WARNER ROBINS -- During a ceremony Friday recognizing the 10th anniversary of Sept. 11, a survivor of the attack on the Pentagon praised the work of America’s military during the past decade in responding to the nation’s call.
Hundreds attended the Robins Air Force Base ceremony held at the Museum of Aviation.
Army Brig. Gen. Larry Dudney was in his office fewer than 200 meters from the point where American Airlines Flight 77 crashed into the Pentagon. He was awarded two medals for his efforts to rescue colleagues in the aftermath of the attack.
He gave his remarks standing just a few feet from a flag-draped piece of the building recovered from the rubble. His talk focused on those who have served in the military since the attack, or what he called “the 911 generation.” He said 5 million Americans have served in the military in the past decade, including 3 million who have joined since the attack, knowing they could be put in harms way.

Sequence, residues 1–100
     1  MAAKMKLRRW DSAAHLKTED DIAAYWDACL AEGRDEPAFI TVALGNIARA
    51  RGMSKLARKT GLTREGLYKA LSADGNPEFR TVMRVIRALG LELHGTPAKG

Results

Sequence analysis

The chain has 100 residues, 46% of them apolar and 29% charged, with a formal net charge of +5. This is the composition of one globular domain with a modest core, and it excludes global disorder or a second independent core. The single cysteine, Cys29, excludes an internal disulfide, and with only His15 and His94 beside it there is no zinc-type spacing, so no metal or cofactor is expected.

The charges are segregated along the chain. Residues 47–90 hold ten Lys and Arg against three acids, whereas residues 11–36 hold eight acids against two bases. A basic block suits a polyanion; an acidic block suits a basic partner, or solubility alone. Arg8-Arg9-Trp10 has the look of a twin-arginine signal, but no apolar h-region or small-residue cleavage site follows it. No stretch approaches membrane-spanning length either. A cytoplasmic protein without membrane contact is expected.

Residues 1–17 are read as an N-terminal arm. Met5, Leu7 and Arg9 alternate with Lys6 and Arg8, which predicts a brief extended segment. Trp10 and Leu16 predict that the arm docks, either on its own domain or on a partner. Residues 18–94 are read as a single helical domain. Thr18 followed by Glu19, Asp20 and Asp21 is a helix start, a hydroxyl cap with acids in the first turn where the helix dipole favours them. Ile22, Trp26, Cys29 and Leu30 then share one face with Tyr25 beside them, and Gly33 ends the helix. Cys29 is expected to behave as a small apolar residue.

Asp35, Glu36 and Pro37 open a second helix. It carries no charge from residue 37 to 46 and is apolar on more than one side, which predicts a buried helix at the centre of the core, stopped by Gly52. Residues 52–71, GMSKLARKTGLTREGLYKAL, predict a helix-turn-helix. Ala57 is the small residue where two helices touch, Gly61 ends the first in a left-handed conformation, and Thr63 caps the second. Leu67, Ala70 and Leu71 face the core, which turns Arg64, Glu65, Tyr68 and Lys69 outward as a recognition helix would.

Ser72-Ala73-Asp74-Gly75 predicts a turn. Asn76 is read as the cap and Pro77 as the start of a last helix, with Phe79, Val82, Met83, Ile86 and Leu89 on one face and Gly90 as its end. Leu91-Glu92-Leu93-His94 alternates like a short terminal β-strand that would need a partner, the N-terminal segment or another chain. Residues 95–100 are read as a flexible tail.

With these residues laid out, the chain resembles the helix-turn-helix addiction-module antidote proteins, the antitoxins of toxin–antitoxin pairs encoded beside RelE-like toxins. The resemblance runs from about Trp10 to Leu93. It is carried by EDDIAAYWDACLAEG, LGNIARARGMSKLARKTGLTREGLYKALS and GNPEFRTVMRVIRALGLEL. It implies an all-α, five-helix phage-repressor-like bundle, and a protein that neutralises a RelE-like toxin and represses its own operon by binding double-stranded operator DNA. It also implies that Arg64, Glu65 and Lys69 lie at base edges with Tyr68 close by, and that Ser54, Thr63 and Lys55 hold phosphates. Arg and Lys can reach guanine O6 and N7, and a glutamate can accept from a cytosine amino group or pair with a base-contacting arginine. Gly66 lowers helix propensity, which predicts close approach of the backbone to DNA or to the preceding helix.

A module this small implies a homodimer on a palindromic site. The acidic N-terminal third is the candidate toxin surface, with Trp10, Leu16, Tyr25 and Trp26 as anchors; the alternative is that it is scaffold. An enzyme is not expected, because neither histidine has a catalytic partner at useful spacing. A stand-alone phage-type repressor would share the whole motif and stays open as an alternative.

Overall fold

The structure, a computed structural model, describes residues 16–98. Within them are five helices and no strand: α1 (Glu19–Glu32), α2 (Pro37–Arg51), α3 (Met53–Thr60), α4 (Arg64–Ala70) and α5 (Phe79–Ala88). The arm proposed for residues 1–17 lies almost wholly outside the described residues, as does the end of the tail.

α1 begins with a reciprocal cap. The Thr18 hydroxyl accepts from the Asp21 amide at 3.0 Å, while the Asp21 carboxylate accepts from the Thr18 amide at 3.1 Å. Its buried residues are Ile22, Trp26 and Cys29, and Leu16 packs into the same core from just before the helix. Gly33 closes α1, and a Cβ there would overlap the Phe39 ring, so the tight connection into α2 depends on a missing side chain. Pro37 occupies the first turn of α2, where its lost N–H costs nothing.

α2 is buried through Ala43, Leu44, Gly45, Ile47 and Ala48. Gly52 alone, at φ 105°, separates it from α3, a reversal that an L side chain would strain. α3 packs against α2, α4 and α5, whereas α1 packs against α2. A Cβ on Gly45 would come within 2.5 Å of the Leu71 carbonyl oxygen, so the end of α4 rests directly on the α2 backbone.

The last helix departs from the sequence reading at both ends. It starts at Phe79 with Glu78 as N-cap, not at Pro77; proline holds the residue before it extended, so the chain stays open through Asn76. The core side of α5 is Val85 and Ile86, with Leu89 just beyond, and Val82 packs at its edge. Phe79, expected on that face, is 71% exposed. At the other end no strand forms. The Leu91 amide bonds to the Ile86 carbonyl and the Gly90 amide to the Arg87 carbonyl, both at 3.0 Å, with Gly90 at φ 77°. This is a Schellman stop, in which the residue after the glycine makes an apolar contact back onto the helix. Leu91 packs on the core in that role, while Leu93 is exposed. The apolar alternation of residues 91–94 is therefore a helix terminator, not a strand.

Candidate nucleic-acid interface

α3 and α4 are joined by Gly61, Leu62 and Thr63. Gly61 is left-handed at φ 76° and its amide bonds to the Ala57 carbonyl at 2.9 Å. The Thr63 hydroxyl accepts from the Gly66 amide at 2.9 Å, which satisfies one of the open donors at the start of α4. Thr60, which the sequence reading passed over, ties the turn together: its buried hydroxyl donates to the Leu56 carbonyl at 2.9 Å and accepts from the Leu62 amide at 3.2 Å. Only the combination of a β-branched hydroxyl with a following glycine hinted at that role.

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“This generation and the service of today’s enlisted soldier, at an average age of 27, has been defined by 911 and its aftermath,” he said. “This generation has faced as much adversity as any generation before it.”
After his speech, the audience stood while Robins Honor Guard members removed the flag from the Pentagon artifact, which will go on display at the Air Force Reserve Command headquarters at Robins. The AFRC served as host of the ceremony.
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